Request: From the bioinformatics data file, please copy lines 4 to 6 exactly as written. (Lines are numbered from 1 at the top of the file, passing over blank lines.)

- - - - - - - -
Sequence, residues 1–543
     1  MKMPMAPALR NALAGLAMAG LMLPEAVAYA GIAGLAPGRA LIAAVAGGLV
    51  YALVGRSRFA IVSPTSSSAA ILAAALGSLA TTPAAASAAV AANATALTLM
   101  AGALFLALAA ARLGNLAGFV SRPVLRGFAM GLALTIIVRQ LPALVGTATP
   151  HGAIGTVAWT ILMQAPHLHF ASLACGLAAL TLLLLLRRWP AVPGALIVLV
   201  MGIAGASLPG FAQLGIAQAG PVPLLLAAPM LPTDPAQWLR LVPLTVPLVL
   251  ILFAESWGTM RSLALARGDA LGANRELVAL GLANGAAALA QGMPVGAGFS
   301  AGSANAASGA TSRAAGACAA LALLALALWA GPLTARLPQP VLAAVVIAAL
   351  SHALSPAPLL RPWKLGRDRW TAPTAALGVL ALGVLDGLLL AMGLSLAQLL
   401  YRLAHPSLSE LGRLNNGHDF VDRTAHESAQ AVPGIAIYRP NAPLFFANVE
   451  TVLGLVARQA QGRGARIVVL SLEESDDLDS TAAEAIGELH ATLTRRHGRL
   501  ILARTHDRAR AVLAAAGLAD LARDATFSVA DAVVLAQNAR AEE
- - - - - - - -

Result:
   101  AGALFLALAA ARLGNLAGFV SRPVLRGFAM GLALTIIVRQ LPALVGTATP
   151  HGAIGTVAWT ILMQAPHLHF ASLACGLAAL TLLLLLRRWP AVPGALIVLV
   201  MGIAGASLPG FAQLGIAQAG PVPLLLAAPM LPTDPAQWLR LVPLTVPLVL